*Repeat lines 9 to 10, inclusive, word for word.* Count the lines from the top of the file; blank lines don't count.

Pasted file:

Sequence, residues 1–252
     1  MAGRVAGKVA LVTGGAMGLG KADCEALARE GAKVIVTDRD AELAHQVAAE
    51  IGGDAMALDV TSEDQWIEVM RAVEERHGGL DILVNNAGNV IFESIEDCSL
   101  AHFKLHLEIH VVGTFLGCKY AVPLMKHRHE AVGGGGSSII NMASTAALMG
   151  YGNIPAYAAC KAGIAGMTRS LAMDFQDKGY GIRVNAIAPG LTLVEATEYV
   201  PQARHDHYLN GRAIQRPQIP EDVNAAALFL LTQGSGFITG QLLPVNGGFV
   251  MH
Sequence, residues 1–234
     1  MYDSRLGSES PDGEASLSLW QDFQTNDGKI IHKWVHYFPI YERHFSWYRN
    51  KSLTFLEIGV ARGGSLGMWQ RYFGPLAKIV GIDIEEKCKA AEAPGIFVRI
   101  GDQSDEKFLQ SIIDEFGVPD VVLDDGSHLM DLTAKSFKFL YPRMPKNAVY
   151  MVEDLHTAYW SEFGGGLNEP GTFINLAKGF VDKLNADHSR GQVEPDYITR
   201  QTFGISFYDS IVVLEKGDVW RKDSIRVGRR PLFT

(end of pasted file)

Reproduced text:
     1  MYDSRLGSES PDGEASLSLW QDFQTNDGKI IHKWVHYFPI YERHFSWYRN
    51  KSLTFLEIGV ARGGSLGMWQ RYFGPLAKIV GIDIEEKCKA AEAPGIFVRI